Economic democracy is a framework for the cooperative configuration of society, from daily interpersonal relational practice to institutional governance, to a reconstructed set of state-market relationships and political economy. As such an overarching framework, economic democracy has many movement mothers. It is politically pluralistic and even ambiguous.
This dissertation examines the work of the Bronx Cooperative Development Initiative, founded by community organizers in the Bronx in response to ongoing frustration with the process and results of planning, housing, and economic development theory and practice in the Bronx dating back decades. Rather than pursuing a strategy of cooperative enterprise development, the group is pursuing a strategy of creating a community enterprise network. This focuses on the incubation of institutional infrastructure to shift the Bronx political and economically towards economic democracy. These projects envision capacities of community-led planning and policy development, high-road small business development, advanced manufacturing and digital fabrication, education and training, as well as civic action coordination and a fund for capitalizing, investing in, and sustaining the network of institutions in the borough.
Through semi-structured interviews, document analysis and participant observation, this dissertation seeks to understand how this group of people understand and define economic in this case, and secondly, how does this group of people propose to operationalize that vision of economic democracy in the Bronx?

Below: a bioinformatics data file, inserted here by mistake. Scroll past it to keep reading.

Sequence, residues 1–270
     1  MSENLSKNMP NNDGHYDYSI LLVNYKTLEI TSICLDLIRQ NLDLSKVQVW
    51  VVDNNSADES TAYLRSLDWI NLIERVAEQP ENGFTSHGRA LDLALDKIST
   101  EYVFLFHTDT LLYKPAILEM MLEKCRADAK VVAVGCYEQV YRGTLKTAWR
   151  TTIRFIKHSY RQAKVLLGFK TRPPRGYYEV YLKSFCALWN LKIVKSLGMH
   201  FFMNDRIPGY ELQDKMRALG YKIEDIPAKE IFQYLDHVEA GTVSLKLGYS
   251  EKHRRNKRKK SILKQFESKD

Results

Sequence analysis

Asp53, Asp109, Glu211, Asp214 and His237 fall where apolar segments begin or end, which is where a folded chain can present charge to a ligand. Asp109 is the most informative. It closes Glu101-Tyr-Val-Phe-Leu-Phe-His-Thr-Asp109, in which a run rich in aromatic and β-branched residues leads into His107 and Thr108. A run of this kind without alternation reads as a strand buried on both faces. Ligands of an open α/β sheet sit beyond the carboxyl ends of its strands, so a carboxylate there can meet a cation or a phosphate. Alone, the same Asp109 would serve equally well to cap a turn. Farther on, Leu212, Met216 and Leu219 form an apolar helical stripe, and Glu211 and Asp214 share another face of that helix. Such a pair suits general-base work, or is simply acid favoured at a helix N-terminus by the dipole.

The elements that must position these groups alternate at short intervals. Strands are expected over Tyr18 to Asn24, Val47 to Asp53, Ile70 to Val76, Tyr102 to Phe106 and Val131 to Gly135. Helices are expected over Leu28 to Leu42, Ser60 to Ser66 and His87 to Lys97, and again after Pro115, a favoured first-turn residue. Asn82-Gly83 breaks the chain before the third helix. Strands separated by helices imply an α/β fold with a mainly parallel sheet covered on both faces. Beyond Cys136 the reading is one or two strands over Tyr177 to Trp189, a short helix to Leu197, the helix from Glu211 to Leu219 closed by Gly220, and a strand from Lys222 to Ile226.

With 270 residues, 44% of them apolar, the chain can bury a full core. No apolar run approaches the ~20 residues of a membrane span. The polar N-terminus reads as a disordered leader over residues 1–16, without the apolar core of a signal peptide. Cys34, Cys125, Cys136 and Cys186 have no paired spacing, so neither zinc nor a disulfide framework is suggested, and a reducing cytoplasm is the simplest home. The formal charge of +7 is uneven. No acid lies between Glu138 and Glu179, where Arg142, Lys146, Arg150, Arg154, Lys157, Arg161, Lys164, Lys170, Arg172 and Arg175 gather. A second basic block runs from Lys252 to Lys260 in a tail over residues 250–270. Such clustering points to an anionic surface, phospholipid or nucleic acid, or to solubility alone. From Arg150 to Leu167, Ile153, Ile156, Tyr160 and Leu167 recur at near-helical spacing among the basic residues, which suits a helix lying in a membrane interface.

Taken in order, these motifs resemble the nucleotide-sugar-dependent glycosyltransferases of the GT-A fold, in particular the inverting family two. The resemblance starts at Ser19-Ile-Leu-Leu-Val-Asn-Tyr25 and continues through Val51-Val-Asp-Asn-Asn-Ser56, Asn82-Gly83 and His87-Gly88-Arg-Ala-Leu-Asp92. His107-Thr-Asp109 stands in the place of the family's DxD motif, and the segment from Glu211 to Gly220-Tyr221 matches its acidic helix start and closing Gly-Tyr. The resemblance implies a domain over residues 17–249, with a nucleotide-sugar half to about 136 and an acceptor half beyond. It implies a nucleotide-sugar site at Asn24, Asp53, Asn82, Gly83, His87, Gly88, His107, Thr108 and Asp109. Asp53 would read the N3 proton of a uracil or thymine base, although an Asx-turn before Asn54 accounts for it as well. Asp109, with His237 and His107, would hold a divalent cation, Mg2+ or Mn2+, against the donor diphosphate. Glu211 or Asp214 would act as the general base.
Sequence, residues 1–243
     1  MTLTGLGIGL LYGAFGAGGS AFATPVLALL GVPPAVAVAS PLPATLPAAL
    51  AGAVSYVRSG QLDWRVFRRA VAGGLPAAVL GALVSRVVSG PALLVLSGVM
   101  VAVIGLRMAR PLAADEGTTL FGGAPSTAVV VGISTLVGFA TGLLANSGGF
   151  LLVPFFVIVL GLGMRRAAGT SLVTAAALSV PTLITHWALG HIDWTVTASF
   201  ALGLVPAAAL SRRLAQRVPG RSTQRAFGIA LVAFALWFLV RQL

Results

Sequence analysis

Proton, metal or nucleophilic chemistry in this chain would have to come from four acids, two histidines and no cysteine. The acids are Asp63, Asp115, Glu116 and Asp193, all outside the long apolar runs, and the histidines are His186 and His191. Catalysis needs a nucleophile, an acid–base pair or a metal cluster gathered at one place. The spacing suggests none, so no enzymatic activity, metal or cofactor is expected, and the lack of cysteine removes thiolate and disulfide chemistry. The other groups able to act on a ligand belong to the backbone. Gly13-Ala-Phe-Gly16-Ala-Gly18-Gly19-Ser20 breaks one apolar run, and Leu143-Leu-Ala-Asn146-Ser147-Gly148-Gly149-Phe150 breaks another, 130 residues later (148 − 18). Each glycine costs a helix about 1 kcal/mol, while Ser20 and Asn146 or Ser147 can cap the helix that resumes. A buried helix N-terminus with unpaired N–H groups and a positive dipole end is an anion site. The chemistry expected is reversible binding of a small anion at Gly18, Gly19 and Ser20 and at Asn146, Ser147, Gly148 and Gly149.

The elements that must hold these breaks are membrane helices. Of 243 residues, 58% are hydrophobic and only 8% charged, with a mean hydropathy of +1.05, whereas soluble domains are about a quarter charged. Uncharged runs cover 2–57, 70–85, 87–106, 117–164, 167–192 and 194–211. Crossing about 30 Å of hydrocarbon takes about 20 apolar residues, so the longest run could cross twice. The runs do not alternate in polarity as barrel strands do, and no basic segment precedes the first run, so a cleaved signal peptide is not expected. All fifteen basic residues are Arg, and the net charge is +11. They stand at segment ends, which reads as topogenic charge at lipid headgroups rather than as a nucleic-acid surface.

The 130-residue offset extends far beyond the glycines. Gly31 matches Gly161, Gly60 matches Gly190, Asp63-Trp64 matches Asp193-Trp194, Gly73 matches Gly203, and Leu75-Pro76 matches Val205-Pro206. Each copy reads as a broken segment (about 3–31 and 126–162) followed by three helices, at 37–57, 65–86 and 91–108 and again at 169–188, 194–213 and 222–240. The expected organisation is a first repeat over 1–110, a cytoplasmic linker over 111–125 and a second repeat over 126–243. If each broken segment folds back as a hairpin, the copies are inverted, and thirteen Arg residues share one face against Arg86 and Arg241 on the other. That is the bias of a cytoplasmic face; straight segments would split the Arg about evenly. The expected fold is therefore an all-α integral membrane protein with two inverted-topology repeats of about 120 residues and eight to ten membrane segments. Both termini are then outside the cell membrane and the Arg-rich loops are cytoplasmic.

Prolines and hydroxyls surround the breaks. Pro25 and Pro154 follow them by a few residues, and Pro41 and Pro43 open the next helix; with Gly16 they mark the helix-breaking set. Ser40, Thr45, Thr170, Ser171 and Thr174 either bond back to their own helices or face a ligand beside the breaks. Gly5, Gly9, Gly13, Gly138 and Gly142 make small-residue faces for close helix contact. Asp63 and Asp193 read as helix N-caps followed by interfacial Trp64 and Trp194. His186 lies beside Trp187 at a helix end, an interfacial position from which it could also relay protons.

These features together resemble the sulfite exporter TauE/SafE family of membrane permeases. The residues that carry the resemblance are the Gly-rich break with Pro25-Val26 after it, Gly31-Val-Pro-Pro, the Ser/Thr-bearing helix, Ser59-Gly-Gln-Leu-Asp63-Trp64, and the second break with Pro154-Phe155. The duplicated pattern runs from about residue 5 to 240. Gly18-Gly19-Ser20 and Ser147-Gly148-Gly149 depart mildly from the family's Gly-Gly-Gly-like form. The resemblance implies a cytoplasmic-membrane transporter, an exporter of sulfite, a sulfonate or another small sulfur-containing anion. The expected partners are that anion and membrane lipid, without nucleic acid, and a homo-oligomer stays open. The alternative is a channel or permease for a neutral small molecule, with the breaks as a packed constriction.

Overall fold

Through a multi-year embedded research process, the dissertation sketches out several core themes for how economic democracy is being developed here as a framework for shared or collective ownership of economic assets and their democratic management. This working definition arises from, challenges, and is applicable but not confined to, urban community organizing and economic development practice. It both intersects with and parallels from global anti-capitalist development frameworks and movements. Core themes arise in regard to challenging assumptions and practices of community organizing, anchor institution procurement initiatives, cooperative enterprise development, scale and scalability, and the construction of durable urban governing regimes. In the final instance, rather than a cooperative enterprise development network, BCDI’s work is seen as attempting to construct an “equity regime” for economic democracy, drawing on the lessons and failures of the progressive cities movement.
This dissertation contributes to literatures of equity planning, community organizing, economic democracy, the challenges of and obstacles to constructing durable political and economic power for people of color in the United States, community-labor coalitions and alliances, and freedom struggle in the United States.
|Commitee:||Newman, Kathe, Lake, Bob, Gordon-Nembhard, Jessica|
|School:||Rutgers The State University of New Jersey, School of Graduate Studies|
|Department:||Planning and Public Policy|
|School Location:||United States -- New Jersey|
|Source:||DAI-A 81/7(E), Dissertation Abstracts International|
|Subjects:||Public policy, Economics|
|Keywords:||Cooperatives, Economic democracy, Organizing, Scale, Urban politics|
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